That Tug on the Sleeve

There was only one theme from the beginning. Donald Trump told America that everyone is out to get us. He told America to sneer at the rest of the world – to get angry and get tough. The world was laughing at America, and the rest of America – the blacks and the gays and the urban hipsters and the fancy-pants experts and the goofy scientists and all “politicians” in general – was laughing at real Americans. Mexicans and Muslims were laughing at us. He could fix that. When someone hits you, hit them back ten times harder. We’ll build that wall and Mexico will pay for it. Muslims will be banned from entering the country. Hit back ten times harder. That way no one messes with you ever again. That’s the way America should deal with the world, and that worked.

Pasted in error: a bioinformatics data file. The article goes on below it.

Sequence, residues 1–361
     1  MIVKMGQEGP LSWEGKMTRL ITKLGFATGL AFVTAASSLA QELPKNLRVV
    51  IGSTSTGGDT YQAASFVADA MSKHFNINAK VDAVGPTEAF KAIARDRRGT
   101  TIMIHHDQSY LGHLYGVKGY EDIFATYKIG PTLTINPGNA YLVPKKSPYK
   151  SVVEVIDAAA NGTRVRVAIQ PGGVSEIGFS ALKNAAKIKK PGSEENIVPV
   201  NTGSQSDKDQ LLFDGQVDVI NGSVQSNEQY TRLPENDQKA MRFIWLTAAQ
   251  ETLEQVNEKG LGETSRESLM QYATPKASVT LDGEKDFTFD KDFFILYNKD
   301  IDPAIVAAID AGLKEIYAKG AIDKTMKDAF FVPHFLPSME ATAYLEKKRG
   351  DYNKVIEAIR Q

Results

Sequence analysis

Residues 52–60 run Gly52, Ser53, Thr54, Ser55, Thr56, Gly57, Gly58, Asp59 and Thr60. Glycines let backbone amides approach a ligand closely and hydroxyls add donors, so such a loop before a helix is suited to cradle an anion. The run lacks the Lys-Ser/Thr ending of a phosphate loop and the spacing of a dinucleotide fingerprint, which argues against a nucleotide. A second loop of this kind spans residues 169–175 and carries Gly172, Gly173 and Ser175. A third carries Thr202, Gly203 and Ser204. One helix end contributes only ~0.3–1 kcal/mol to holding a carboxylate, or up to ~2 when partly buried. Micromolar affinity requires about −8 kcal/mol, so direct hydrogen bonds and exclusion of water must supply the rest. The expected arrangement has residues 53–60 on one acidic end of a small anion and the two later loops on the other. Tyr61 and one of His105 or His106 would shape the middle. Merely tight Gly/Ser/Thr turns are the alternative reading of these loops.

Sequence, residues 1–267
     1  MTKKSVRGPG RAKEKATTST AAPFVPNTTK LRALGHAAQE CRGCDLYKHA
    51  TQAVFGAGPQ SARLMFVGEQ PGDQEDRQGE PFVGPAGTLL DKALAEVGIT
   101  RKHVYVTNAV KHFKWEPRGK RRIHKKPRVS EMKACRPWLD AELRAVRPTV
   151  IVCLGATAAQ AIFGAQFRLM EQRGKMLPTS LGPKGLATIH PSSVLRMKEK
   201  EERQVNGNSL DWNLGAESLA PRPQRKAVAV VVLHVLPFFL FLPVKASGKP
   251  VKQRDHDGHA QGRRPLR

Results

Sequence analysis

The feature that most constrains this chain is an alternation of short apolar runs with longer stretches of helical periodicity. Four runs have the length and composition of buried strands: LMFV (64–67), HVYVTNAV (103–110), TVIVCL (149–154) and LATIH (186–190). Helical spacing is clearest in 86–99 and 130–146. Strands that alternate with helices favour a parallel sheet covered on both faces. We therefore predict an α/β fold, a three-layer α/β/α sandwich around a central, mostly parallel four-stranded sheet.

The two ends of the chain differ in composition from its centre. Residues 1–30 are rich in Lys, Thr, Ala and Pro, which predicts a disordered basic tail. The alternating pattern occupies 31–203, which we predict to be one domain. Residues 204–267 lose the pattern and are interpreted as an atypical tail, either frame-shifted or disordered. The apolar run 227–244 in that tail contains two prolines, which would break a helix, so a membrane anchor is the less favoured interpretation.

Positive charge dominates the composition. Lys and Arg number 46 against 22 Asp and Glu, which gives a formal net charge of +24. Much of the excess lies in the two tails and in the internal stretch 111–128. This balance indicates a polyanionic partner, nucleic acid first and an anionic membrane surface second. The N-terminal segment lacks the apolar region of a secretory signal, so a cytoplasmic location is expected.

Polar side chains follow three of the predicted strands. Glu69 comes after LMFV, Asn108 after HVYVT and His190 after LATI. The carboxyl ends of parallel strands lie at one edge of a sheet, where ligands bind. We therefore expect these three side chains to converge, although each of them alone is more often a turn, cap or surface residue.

Richard Hofstadter had already explained why that would work in Anti-Intellectualism in American Life (1963) and in the essays collected in The Paranoid Style in American Politics (1964) – Americans seem to be extraordinarily insecure and defensive, and they lash out. Hofstadter saw that as a problem. Donald Trump saw that as an opportunity. He could tap that  insecurity and defensiveness. He could ride that insecurity and defensiveness to the presidency. That was his base, a base just large enough to win the election, a base just large enough to keep him in office. If anyone said he had no idea what he was doing, that this or that would never work, and just now didn’t work, his base would defend him. He was “telling it like it is” – everyone really was out to get us – and there was the implicit response to all the experts. No one said the words, but those words always hung in the air. “If you’re so smart how come you’re not rich?”